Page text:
In the example above, you might find that home insurance is well served by fairly strong financial services or comparison sites, but flat-sharing is a weak vertical dominated by a few fairly young and poorly executed sites. That’s your opportunity.
To minimize your risk, you can start with a minimal viable version — perhaps just a single landing page or a white-labeled product. If it does well, you know it merits further investment.
You’ve already established a trusted brand, with a strong website, which users are already engaging in — if you can extend your services and provide good user experiences in other areas, you can beat other, smaller brands in those spaces.
2. Welcome the intimidated
Depending on your vertical, there may be an untapped opportunity among potential customers who don’t understand or feel comfortable with the product. For example, if you sell laptops, many potential customers may be wary of buying a laptop online or without professional advice. This might cause them not to buy, or to buy a cheaper product to reduce the riskiness.
A “best laptops under £500,” or “lightest laptops,” or “best laptops for gaming” page could encourage people to spend more, or to buy online when they might otherwise have bought in a store. Pages like this can be simple feature comparisons, or semi-editorial, but it’s important that they don’t feel like a sales or up-sell function (even though that’s what the “expert” in the store would be!).
This is even more pertinent the more potentially research intensive the purchase is. For example, Crucial have done amazingly for years with their “system scanner,” linked to prominently on their homepage, which identifies potential upgrades and gives less savvy users confidence in their purchase.
If this seems like too much effort, the outdoor retailer Snow and Rock don’t have the best website in the world, but they have taken a simpler approach in linking to buying guides from certain product pages — for example, this guide on how to pick a pair of walking boots.
Can you spot scenarios where users abandon in your funnels because of fear or complexity, or where they shift their spend to offline competitors? If you can make them feel safe and supported, you might be able to change their buying behavior.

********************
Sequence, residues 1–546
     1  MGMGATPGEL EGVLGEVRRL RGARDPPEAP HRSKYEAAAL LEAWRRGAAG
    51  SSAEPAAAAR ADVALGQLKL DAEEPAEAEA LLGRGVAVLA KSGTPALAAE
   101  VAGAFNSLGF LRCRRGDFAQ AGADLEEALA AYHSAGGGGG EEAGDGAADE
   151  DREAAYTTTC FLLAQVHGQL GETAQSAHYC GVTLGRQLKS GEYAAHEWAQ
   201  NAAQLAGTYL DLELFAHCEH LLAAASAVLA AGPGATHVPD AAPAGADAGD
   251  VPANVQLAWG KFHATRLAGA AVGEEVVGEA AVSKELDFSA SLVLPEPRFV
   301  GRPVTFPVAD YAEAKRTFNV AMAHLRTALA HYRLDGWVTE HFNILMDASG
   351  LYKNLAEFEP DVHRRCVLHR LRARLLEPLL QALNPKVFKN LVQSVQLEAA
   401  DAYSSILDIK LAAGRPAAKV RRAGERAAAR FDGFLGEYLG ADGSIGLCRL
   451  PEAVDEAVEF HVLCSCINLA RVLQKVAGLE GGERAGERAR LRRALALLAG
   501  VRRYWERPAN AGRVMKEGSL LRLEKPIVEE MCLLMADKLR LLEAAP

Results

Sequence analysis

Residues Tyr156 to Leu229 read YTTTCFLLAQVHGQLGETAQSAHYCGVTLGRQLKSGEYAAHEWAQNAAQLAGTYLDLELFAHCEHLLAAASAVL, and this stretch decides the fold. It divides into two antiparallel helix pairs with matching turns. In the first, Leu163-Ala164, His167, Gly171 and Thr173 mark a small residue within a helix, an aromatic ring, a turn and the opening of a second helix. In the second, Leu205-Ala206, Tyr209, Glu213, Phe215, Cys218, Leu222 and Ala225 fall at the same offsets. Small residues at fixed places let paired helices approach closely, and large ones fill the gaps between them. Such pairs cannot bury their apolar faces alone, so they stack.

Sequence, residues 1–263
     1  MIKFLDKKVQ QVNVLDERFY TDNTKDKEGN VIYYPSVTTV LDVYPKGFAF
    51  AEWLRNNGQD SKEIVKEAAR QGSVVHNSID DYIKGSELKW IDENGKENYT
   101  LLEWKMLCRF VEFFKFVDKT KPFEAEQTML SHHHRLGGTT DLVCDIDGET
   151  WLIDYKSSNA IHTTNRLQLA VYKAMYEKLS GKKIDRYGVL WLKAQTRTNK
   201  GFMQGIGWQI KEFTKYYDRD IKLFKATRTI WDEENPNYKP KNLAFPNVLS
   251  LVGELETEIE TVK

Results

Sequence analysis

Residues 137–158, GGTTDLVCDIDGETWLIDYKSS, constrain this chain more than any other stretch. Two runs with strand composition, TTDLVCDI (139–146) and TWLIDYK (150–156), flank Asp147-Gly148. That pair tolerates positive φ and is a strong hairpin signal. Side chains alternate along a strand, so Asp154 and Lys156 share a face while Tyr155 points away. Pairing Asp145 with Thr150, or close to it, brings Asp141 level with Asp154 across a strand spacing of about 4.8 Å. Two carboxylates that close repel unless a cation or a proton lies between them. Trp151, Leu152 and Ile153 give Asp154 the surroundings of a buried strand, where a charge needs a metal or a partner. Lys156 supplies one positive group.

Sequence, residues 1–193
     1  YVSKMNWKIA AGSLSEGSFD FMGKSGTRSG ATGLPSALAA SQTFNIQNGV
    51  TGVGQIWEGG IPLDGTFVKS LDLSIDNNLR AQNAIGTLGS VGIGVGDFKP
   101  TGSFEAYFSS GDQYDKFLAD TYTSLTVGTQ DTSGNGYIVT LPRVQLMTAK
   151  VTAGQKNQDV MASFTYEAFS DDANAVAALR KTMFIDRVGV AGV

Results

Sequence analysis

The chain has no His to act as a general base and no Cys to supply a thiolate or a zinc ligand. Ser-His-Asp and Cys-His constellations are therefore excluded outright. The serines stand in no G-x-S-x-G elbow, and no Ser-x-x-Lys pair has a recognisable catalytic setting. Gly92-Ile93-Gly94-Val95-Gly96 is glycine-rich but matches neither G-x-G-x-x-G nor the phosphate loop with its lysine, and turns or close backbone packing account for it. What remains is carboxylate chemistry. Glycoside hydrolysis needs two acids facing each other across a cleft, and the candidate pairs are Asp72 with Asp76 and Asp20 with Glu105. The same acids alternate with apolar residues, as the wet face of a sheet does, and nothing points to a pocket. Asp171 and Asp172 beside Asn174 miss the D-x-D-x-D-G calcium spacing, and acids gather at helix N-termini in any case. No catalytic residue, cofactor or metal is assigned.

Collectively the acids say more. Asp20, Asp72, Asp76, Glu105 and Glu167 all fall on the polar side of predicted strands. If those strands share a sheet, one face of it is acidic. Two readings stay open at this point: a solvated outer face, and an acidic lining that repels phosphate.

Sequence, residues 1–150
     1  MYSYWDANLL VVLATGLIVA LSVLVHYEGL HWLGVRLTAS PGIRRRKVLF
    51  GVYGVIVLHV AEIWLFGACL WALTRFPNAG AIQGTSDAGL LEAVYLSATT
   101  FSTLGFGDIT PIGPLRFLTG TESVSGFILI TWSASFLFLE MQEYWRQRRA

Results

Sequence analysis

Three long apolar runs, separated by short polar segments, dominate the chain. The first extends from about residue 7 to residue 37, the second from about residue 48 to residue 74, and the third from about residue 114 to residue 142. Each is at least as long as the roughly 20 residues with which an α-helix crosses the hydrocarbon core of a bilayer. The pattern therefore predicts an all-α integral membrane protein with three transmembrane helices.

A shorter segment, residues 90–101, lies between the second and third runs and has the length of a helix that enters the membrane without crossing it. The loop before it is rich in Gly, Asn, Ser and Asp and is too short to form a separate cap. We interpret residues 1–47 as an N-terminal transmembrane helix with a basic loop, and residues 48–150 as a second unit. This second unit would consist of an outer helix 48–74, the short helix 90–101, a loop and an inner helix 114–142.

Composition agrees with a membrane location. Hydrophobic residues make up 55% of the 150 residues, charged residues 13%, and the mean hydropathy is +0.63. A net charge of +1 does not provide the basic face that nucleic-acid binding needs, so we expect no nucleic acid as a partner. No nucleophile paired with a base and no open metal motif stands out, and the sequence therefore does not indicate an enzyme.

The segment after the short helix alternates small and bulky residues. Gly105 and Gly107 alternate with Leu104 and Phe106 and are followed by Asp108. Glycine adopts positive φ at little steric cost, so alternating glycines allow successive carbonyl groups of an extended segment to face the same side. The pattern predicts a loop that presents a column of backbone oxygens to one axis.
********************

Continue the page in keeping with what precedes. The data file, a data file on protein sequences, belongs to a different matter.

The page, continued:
3. Whip up some fervor
At the opposite end of the spectrum, you have enthusiasts who know your vertical like the back of their hand, but could be incited to treat themselves a little more. I’ve been really impressed recently by a couple of American automotive listings sites doing this really well.
The first is Autotrader.com, who have hired well-known automotive columnist Doug Demuro from Jalopnik.com to produce videos and articles for their enthusiast news section. These articles and videos talk about the nerdy quirks of some of the most obscure and interesting used cars that have been listed on the site, and it’s not uncommon for videos on Doug’s YouTube channel — which mention Autotrader.com and feature cars you could buy on Autotrader.com — to get well into 7-figure viewing counts.
These are essentially adverts for Autotrader.com’s products, but I and hundreds of thousands of others watch them religiously. What’s more, the resulting videos and articles stand to rank for the types of queries that curious enthusiasts may search for, turning informational queries into buying intent, as well as building brand awareness. I actually think Autotrader.com could do even better at this with a little SEO 101 (editorial titles don’t need to be your actual title tag, guys), but it’s already a great tactic.
Another similar site doing this really well is Bringatrailer.com. Their approach is really simple — whenever they get a particularly rare or interesting car listed, they post it on Facebook.
These are super low-effort posts about used cars, but if you take a step back, Bring a Trailer are doing something outrageous. They’re posting links to their product pages on Facebook a dozen or more times a day, and getting 3-figure reaction counts. Some of the lesson here is “have great product pages,” or “exist in an enthusiast-rich vertical,” and I realize that this tactic isn’t strictly SEO. But it is doing a lot of things that we as SEOs try to do (build awareness, search volume, links…), and it’s doing so by successfully matching informational or entertainment intents with transactional pages.